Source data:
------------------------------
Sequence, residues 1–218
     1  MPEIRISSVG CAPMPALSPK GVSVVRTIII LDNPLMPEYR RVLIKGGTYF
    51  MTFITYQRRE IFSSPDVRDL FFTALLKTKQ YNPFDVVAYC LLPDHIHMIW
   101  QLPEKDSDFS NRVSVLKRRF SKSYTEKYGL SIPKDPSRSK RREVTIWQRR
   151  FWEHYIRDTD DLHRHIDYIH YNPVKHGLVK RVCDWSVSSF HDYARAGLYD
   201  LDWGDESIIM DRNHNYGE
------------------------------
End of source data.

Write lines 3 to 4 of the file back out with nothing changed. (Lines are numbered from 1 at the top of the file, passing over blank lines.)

    51  MTFITYQRRE IFSSPDVRDL FFTALLKTKQ YNPFDVVAYC LLPDHIHMIW
   101  QLPEKDSDFS NRVSVLKRRF SKSYTEKYGL SIPKDPSRSK RREVTIWQRR